This article isn’t a new addition to that debate. Instead, this article will attempt to help you avoid the debate entirely, at least in your Rust projects, by explaining how you can use the
rustfmt tool to enforce style guidelines using CI. We’ll start with a brief introduction to
rustfmt, so feel free to skip the next section if you are already familiar.
rustfmt is a tool for Rust projects that helps enforce style. It runs a set of lints against your code and will fail if any of the checks don’t pass.
rustfmt you first must add the component, via
rustup component add rustfmt-preview
Then, to run it:
It’s worth noting that when you run
cargo fmt it will change your code formatting. It will only fail if it cannot safely change your code. It’s quite smart though, and generally can take care of most of the problems for you, leaving just a few for you to solve on your own.
You can configure the default lints if you would like. For more on that, read this. Generally speaking, I don’t recommend configuring a tool like this, but I know that some folks really like to.
The rest of this article will discuss using
rustfmt in CI. We’ll use Travis CI for our examples, but you can use whichever CI provider you’d like without any significant edits.
Stable or Nightly
When testing on CI, one of the first decisions you need to make is which versions of Rust to test on. You’ll need to pick which channel is best to test your code on- and this is likely enforced by the dependencies your project uses.
rustfmt is in the mix, there’s a few more things to consider. As it currently stands,
rustfmt is slightly different on
nightly channels. If you are able to pick just one channel, the examples below should be very useful for you. We’ll discuss how to handle projects with multi-channel support in the next section.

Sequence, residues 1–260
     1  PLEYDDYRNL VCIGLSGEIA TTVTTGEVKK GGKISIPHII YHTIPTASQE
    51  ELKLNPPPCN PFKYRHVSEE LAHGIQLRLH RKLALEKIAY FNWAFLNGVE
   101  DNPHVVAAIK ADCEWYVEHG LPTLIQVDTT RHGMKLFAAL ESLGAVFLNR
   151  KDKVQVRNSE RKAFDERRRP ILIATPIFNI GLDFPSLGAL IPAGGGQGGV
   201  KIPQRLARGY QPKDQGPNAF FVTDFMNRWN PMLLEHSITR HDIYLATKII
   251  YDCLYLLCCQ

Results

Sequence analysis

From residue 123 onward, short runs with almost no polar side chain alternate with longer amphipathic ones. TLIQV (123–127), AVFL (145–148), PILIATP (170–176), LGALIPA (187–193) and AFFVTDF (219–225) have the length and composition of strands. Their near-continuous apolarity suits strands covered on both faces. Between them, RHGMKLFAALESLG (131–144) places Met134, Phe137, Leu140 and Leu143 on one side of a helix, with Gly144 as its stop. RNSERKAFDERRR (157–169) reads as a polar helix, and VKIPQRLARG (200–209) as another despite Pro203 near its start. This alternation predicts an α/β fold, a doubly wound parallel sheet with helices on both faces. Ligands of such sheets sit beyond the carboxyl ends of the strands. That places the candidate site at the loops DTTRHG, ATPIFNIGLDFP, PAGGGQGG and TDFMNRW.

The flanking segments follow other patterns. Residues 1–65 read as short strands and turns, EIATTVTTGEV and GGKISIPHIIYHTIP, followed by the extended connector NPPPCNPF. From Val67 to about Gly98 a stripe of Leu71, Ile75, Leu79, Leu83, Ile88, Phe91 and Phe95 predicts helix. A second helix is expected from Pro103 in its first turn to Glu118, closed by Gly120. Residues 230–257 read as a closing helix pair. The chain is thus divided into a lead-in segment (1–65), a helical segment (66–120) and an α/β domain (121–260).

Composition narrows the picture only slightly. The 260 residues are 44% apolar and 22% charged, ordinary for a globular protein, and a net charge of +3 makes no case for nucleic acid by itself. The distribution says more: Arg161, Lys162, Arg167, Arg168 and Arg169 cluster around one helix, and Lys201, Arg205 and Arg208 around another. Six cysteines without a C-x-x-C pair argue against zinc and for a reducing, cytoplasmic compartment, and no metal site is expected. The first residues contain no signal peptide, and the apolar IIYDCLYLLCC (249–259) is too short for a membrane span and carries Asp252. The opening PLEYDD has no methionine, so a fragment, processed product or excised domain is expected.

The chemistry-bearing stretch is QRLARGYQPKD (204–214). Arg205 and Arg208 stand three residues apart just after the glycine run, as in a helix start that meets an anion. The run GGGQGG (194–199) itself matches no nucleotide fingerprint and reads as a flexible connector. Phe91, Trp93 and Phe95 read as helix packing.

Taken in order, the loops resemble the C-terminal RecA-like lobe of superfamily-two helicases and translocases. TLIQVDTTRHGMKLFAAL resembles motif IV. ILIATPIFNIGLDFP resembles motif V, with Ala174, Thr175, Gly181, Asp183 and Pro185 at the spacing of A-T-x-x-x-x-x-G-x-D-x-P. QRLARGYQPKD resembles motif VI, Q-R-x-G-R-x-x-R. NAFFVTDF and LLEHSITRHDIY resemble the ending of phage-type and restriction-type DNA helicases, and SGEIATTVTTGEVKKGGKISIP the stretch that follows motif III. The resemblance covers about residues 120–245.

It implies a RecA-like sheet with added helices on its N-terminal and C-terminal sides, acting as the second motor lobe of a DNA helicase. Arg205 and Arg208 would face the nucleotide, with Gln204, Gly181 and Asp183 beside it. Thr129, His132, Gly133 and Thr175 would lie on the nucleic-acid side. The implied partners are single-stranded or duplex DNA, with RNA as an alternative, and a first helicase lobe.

On stable, your
.travis.yml should use
--write-mode diff. This feature will be deprecated in favor of
--check, which is currently on
beta and will land in the next release in early August (~1 month).
Nightly: use check
On nightly, your
.travis.yml, should use
--check. Long-term, this is the strategy you should use, and it should be stabilized in a little less than a month.
Style across Nightly and Stable
Many projects, especially libraries, support both nightly and stable channels. This poses a unique problem for testing style because
rustfmt has different checks in each channel’s version. This is because
rustfmt is still in preview mode.
As a result, it’s best to pick one channel to enforce style.
Nightly style, stable code features
If you so desire, you can use
rustfmt on the nightly channel, even if you only want to test your project on stable. It’s worth noting that you can’t do the inverse.
You’ll note that the Rust channel is set to
stable but we pass
--toolchain nightly when we add the
rustfmt-preview component, and then also use
+nightly when we call
Communicate to your contributors
When deciding which channel to pick, you should pay attention to the channel your project’s contributors generally work on. I would recommend adding a section in your project’s
CONTRIBUTING.md explains the need to choose one to enforce on. You can use this as a starting point (pulled from the
A Moving Target
rustfmt works towards stabilization, another thing to be aware of is that the style checks in both stable and nightly will change. This can definitely be frustrating!
If you are running into an issue with a contributor where style checks pass locally, but not on CI, it’s likely that the contributor has an older version of
rustfmt. To update, run:
Participate in the Discussion
If you are curious about what is in store for when
rustfmt is stablized, or just want to see what lints might change, you should check out the following links:
And there you have it! Some best practices on using
rustfmt to enforce style on your Rust projects in CI. Perhaps one day the whole developer community can relish, as I do, in the relief of leaving style enforcement energy to computers.